## Monday Math 24: Repeated Integrals

Consider an antiderivative of the function , such as . This can be written as a linear operator (and is known as the indefinite integral operator, or Volterra operator), which we will write here as J: so that . (Note that for the rest of this post, we assume  is sufficiently continuous and integrable on the regions in question).

Now, let us consider repeated applications of the operator. For example,
. We write the operator of J applied twice as . Similarly, we have  given by , and so on for , n any positive integer. Is there a way to find the n-th antiderivative  without needing to perform n integrations?

The answer is yes. We can reduce it to a single integral. Observe in the case of :
.
Treating this as a double integral, and considering the region of the tu plane over which it is integrated, we can reverse the order of integration:
.
As  is a constant with respect to t, we find that the inner integral is simply , and we have:


Similarly, we have
,
which with reordering to make integration by u3 last, and then performing the u1 and u2 integrals, we obtain (renaming u3 as u):
.

If we were to continue, we would find a pattern:


and so on, giving us the formula:
,
which is known as the Cauchy formula for repeated integration.

We can use mathematical induction to prove that this formula is true for all positive integer n. First, the n=1 case: we see it gives:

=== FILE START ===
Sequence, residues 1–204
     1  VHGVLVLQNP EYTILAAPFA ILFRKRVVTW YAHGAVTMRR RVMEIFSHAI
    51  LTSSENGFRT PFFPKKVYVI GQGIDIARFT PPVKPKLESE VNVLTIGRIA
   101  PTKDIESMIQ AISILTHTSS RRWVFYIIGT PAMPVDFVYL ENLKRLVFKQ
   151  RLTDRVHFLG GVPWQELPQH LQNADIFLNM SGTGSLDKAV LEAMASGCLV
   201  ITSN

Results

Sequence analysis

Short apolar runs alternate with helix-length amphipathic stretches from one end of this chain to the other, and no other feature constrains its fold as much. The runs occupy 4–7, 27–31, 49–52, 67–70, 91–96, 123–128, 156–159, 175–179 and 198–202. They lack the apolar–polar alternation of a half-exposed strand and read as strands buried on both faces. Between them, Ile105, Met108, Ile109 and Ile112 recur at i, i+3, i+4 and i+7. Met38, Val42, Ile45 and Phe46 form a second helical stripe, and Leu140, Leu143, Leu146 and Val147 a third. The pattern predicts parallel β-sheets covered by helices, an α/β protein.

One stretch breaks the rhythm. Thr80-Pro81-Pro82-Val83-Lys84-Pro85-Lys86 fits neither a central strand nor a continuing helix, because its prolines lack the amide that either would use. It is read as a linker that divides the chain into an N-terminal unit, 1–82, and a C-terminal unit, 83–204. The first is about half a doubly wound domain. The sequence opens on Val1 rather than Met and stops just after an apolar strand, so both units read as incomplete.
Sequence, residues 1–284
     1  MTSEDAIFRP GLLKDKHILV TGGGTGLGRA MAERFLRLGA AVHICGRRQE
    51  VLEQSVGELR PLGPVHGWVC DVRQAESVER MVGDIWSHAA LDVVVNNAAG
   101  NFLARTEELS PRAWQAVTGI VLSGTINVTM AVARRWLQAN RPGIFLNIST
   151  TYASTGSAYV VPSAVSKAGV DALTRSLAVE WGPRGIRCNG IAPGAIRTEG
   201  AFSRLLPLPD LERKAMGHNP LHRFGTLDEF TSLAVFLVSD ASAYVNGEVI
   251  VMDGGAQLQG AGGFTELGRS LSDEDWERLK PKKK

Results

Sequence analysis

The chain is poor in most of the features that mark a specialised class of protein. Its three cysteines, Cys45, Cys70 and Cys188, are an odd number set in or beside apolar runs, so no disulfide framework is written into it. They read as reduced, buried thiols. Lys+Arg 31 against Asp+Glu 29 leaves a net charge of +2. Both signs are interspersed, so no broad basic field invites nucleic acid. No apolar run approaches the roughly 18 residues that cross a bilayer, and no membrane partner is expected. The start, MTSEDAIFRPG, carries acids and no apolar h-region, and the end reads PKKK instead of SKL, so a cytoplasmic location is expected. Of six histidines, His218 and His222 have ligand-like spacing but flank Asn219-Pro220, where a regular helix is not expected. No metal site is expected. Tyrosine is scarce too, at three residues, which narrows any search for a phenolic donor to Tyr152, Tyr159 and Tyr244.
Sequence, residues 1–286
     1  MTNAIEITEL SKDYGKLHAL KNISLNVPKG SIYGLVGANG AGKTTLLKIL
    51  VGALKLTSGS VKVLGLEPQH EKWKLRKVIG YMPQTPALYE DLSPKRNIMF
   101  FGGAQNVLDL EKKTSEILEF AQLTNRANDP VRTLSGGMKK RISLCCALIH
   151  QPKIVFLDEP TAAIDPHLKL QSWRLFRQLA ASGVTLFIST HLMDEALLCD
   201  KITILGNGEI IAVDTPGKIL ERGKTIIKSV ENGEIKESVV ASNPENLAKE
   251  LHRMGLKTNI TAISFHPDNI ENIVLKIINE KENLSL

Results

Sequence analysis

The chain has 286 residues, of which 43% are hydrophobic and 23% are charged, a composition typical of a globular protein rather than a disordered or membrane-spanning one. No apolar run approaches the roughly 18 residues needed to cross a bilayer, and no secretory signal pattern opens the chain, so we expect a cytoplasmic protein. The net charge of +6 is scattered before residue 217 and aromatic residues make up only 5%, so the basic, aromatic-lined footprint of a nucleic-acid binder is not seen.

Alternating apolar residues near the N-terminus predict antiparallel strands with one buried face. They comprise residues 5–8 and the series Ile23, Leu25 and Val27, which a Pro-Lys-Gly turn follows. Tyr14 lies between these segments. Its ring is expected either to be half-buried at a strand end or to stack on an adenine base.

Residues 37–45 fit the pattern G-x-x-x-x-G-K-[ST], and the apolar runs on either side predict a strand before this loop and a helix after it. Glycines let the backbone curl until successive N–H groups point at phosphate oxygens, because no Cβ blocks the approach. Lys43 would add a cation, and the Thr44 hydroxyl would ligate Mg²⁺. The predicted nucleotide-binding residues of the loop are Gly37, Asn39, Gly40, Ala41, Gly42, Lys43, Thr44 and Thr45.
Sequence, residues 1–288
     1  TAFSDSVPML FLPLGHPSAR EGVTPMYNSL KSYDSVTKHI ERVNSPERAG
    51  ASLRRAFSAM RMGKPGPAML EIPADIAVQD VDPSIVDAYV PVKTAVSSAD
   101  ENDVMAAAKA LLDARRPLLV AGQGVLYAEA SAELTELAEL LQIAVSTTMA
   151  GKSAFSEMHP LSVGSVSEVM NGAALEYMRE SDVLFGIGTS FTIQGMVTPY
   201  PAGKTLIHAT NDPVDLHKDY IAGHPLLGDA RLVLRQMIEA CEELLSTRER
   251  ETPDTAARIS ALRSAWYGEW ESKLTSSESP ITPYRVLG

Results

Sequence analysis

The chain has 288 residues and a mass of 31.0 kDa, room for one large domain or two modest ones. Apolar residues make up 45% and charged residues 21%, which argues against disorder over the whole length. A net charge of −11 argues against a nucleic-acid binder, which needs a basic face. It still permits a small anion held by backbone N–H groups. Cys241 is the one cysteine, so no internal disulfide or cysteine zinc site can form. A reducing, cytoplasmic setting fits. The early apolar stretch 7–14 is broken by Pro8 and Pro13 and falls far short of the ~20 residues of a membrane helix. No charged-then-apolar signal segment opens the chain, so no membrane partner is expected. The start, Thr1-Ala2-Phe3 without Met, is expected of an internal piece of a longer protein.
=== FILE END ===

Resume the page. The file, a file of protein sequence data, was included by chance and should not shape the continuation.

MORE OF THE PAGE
,
and so the formula holds for n=1.
Since , by definition, we see that if we take the derivative of both sides with respect to x,
.
Now, we can take the derivative of our formula with respect to x, using the variable limit form of the Leibniz integral rule:
,
which is our formula’s value for . Thus our formula holds for  given , and so it holds for all integer n>0 by induction.

Now, we see that the integral  can be performed for n>0 even if n is not an integer. Recall, however, that for positive integer n, , where  is the gamma function. Thus, if we replace the factorial in our formula with the corresponding gamma function, we obtain the formula
,
which can be computed for n a positive real number. This is the basis of the Riemann-Liouville differintegral, the most often used differintegral (operator combining differentiation and integration) in fractional calculus.